About 11 months after going dark at the top of this year, Michelin-starred Quince bursts back into the San Francisco dining scene on Tuesday, November 28, with a fresh look and new menus. Co-owners Michael and Lindsay Tusk shut down the restaurant in January to renovate the Jackson Square space ahead of Quince’s 20th anniversary, and as they now approach the long-awaited reopening, Michael Tusk says he’s excited to give diners more flexibility. Specifically, the restaurant will resume offering two versions of its tasting menus: a four-course ($270) option that lets customers select some dishes and add supplements, as well as a more traditional eight- to 10-course ($360) gastronomy experience.
The idea to split the menu into two tracks stemmed from what the Tusks noted as a shift in customer behavior during the past couple of years. With fewer tourists coming to San Francisco post-pandemic, Quince had been serving more local diners before its temporary closure. “And not everybody wanted to be in their seat for two to two and a half hours,” Michael explains. “Some folks wanted to be complete in an hour and a half or eat in an a la carte fashion. I like giving the guest those options, as long as the food is honest, and we’re cooking these dishes the way we believe in them.”
As ever, menu conception starts with examining what’s fresh from Fresh Run Farm in Bolinas, then looking around to see what other pristine ingredients the team can rustle up in West Marin. “We want it to be a California expression at the end of the day,” Michael says. Recently, he’s been enamored by the products coming out of Tomales Bay Oyster Company, which will appear in both cold and hot preparations. The former, the chef says, aims to transport diners to the coast, where they might slurp grilled oysters right by the water. “The quality of the oysters when you’re eating them where they’re from is something I just felt I wanted the guest to have,” he says.
Other ingredients diners can look forward to include an abundance of mushrooms — “There’s been this nice, beautiful flush of mushrooms,” Michael notes — which the kitchen plans to pair with a supply of preserved porcinis. A final dish remains in the works but could feature abalone from Monterey Bay alongside matsutakes and pine nuts. Plus, Michael says the vegetable-heavy menu always features one course that’s “centered around Fresh Run Farm and [farmer] Peter Martinelli,” which he’s calling “Bolinas and Back.” It’s prime time for root vegetables and hearty greens, the chef says, so he’s looking forward to shining a spotlight on cabbage — savoy and arrowhead, in particular — and romanesco, among other items.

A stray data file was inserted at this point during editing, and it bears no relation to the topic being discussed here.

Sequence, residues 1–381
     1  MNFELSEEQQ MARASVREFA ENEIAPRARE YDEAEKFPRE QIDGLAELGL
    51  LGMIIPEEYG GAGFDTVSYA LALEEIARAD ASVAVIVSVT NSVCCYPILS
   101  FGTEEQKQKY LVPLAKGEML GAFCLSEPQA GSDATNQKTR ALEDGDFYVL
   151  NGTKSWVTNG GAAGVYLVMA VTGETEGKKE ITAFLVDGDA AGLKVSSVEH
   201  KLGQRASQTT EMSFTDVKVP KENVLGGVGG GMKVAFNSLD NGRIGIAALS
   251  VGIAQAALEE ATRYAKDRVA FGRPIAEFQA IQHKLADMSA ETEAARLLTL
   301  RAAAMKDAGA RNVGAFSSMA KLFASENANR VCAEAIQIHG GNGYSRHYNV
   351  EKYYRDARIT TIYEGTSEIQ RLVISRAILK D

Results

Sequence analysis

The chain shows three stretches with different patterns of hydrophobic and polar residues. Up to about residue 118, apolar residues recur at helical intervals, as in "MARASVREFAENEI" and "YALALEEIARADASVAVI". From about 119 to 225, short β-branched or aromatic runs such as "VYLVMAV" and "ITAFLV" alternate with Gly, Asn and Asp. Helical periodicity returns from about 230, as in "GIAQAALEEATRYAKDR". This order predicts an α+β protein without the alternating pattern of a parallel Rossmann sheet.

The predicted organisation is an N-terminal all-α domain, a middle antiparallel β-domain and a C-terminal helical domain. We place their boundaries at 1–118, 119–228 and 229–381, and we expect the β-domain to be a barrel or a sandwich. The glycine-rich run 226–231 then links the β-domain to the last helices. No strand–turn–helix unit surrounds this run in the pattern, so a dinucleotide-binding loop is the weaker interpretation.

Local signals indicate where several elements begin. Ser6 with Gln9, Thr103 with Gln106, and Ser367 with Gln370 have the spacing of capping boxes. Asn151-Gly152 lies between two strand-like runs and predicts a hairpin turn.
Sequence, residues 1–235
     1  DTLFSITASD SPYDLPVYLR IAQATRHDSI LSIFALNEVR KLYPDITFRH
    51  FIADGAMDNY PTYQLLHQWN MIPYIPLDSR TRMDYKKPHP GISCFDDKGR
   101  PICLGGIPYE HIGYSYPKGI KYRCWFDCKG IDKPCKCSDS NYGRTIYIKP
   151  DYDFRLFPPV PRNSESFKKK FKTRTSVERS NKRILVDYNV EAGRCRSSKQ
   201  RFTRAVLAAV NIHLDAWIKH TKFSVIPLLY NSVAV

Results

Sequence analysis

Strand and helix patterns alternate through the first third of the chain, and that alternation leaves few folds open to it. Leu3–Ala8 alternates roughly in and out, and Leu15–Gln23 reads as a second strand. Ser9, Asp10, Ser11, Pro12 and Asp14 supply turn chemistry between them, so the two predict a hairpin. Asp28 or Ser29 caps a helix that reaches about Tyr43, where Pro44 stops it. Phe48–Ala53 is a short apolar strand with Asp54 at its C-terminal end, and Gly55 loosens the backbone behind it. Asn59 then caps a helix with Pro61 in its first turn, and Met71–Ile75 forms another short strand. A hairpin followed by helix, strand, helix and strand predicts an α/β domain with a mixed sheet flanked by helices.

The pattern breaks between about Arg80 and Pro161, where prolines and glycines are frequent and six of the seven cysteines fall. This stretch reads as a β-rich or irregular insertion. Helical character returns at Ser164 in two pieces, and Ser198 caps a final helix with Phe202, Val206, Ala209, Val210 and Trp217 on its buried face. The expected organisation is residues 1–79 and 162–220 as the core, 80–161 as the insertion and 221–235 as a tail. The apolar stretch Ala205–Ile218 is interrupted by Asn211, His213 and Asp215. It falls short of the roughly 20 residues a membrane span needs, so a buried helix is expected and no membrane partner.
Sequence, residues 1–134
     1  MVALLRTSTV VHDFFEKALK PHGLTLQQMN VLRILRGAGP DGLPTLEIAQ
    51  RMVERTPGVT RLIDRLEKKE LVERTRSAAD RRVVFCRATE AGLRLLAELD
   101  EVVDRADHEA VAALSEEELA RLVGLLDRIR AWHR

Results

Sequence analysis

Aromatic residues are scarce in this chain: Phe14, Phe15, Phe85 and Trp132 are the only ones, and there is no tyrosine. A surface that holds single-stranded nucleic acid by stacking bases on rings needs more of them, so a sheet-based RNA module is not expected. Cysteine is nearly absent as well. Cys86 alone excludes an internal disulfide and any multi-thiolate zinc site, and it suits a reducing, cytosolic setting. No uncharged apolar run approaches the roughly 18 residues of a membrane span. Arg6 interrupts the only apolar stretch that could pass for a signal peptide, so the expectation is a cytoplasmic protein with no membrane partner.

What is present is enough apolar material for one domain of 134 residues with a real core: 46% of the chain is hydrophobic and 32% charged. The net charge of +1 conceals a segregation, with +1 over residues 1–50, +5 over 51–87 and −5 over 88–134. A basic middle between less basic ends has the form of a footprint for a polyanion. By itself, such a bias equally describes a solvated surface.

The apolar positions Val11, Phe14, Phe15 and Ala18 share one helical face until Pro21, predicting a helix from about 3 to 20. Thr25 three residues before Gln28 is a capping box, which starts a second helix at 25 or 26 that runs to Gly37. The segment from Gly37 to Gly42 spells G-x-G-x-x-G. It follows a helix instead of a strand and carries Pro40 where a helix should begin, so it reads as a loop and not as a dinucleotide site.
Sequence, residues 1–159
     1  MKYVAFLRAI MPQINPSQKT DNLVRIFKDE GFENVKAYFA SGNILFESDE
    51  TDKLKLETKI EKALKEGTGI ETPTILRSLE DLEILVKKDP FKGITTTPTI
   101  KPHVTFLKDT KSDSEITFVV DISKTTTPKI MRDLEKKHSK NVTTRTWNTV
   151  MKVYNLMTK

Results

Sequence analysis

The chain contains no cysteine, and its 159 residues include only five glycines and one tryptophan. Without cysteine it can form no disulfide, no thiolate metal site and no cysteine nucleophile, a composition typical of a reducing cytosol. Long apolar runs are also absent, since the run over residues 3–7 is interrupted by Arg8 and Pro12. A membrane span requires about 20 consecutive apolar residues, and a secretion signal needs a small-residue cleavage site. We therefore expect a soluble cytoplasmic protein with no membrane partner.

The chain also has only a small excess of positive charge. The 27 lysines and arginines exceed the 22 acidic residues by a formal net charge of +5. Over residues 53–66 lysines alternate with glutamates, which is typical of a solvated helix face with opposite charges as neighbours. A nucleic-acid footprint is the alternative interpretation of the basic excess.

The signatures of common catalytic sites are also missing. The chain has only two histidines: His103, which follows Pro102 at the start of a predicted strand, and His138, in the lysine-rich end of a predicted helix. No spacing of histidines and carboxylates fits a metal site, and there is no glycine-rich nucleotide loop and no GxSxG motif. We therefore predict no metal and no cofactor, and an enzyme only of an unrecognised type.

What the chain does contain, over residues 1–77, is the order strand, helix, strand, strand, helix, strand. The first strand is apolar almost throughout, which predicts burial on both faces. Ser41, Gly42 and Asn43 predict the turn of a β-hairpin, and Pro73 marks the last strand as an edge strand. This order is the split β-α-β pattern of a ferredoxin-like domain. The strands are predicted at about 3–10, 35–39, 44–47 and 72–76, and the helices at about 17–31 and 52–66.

And there’s a new pasta to try: orecchiette. The little ears will likely appear with a salsa di ricci di mari made with sea urchin from either Fort Bragg or Santa Barbara. A preserved habanero condiment will amp up the heat. “I kind of view this as where Puglia meets West Marin or Northern California,” Michael says. But the pièce de résistance may well be the squab, which the kitchen is thrilled to be sourcing from the one and only Philip Paine, who once provided some of the highest-quality pigeons to restaurants including Quince and Oliveto, before he retired years ago. Now, he’s back in the game and Michael says his birds will “definitely” be on both menus “as often as possible.”
As for the space, Micheal says opening up the dining room to let in more light and give diners a view of the landmark Transamerica Pyramid means he feels excited to open Quince for lunch service after the top of the year. The dark, somewhat austere dining room didn’t feel conducive to having diners fill it during the daytime, but with the brighter and more relaxed aesthetic, he and Lindsay hope customers will feel comfortable visiting Quince even when they don’t feel up for a multi-hour dinner. Diners will now have the option to come in for a glass of Champagne at the bar, a couple of plates in the lounge, or a full dinner — depending on their mood. “I think you can't be as strident as you were years ago, times have changed,” Michael says. “It was all about choices I wanted to give the guest.”